Rachel Dratch Explains That Whole Demotion/Recasting Situation

Back in August, news emerged that Rachel Dratch was being, er, shifted ("demoted" is a bummer word, as you'll soon see) from her lead role on 30 Rock into one where she'd play a "wide variety" of parts after producers decided to "scrap her character." A couple of days after the initial announcement, we learned that her original character wasn't so much "scrapped" as "given to Jane Krakowski." Dratch spoke to NY Mag's Intelligencer column about how the unfortunate demoting/recasting thing went down:

What happened there? I think the big thing was—at least what they told me—that at first they wanted to have more comedy sketches in the show. Then they decided they weren't going to focus on the sketches, so they needed more of a sitcom actress, as opposed to a character actress.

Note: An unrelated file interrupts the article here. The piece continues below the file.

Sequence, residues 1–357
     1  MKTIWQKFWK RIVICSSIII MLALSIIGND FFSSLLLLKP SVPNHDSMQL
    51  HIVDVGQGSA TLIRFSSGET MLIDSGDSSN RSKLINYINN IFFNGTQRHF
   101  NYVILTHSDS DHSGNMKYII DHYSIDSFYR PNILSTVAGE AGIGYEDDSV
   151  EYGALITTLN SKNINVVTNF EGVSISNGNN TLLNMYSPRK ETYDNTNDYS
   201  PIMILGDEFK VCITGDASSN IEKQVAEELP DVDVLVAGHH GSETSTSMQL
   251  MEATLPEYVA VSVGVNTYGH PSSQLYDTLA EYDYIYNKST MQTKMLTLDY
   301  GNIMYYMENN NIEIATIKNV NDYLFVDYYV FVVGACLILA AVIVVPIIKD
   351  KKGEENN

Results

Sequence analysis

That's very diplomatic.
Ha! Yes, I'm phrasing this all very nicely. That's the party line, at least—it's what I can tell my parents!

Were you pissed?
Well, when Tina told me I was going to play different characters each show, I was actually psyched about it, because it sounded really unique. But then the media kind of ran with this "demotion" thing, so that was kind of a bummer. But whatever, I'm over it.


How many episodes will you be in? Six, but that's a whole other thing. I was kind of like, Why do I only have six? But then I decided I shouldn't open my trap too much, so I just left it at that.

What do you think of Studio 60?
What's weird to me about it is that they're so serious about comedy. In the real comedy world, no one's like, "We've got to change people!"

What's it like working with Alec Baldwin?
I haven't really worked with him that much, except for when I was starring in that first pilot. Cough, cough.

It's probably smart that Dratch didn't rock the boat when she discovered she was only getting six episodes, lest she awaken to a story in the trades in which boss Lorne Michaels tries to sell her new part as "the unusual lady who's sometimes lurking in the background of scenes but never speaks," as a "far funnier role in which Rachel will really get to exercise her nonverbal comedy chops."